Putting Time to the Test
The following test will help you identify your own attitude towards time
For this you need a digital watch, or one with a sweep second hand. Without looking at your watch estimate the passing of one minute. While doing so sit quietly and avoid counting the seconds. When you think a minute has passed, check your watch.
What Your Result Reveals
Time elapsed less than 55 seconds
You are a victim of “hurry sickness” and the less time that elapsed the more serious is your condition. Symptoms of “hurry sickness” include:
Never having enough time to meet all the demands on you.
Feeling angry and frustrated by delays, however unavoidable.
Attempting to do everything at the double.
Greater difficulty winding down when you are at home or on holiday.
Inability to relax generally. Impatient when dealing with people, or working in cultures, less fast paced than yourself. Leaving things to the last minute. While you hate to be late, you hate even worse to be early! Needing a “deadline high” to motivate you.‘Hurry sickness” is linked to several health problems, including high blood pressure, ulcers, strokes and heart disease. Sufferers tend to act impulsively, set themselves impossibly tight deadlines, drive too fast, and make poor decisions. You can learn how to combat this common threat to health and happiness by following the relaxation, sensualisation and breathing exercises which I describe on my web-site.
Time elapsed 55 – 65 seconds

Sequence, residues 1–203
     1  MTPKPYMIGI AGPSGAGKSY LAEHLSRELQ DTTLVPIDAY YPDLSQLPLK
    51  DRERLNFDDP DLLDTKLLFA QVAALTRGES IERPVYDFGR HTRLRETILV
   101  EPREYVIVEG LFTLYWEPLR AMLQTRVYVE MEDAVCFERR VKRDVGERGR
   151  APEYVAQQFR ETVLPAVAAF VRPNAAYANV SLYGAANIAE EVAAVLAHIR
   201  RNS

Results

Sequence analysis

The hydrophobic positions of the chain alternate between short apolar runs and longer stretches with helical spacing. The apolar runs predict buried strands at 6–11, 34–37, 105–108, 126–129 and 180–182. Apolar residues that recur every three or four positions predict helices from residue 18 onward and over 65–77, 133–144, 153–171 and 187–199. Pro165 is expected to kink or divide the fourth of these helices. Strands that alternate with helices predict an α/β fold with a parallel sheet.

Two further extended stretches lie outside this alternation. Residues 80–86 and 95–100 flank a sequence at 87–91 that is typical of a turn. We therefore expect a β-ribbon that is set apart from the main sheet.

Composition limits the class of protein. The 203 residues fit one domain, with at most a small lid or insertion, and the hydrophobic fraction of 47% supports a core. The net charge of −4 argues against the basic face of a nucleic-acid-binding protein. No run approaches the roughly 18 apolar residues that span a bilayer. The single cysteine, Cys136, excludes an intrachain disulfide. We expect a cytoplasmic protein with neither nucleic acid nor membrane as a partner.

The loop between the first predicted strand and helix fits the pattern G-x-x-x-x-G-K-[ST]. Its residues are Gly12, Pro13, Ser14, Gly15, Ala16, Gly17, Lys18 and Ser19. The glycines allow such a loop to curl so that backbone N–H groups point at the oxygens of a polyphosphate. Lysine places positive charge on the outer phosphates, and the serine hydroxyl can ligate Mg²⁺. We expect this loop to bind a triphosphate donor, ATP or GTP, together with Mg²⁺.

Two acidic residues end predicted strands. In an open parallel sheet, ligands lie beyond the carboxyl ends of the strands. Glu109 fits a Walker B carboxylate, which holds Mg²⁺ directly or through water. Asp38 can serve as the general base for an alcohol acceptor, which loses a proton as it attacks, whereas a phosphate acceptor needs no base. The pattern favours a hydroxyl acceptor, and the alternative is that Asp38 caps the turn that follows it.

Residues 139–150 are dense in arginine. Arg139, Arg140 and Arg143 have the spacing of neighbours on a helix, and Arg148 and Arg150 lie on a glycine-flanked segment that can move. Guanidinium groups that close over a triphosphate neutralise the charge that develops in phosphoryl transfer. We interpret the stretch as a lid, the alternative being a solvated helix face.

Although you do not, generally, suffer from “hurry sickness” there will be occasions when you experience some of the symptoms described above. Relaxing after a day’s work, or while on holiday, should not prove too difficult for you. Nor will unavoidable delays cause you too much stress since you are, usually, able to adopt a fairly relaxed approach to hold ups. But this laid back attitude does not necessarily mean you always manage your time efficiently! You may still complain there are too few hours in the day to accomplish all you want or need to achieve. You may also feel that life is unbalanced with, for example, too much time being taken up by work at the expense of family or social life.
Time elapsed 66 – 90 seconds
You have a relaxed approach to the passing of time, and dislike having to race against the clock. The greater the elapsed time, the less likely you are to suffer from the symptoms of “hurry sickness” described above. You are not especially concerned about meeting deadlines and prefer to reflect rather than act impulsively. You hate having to rush and tear, preferring to leave in good time for appointments whenever possible.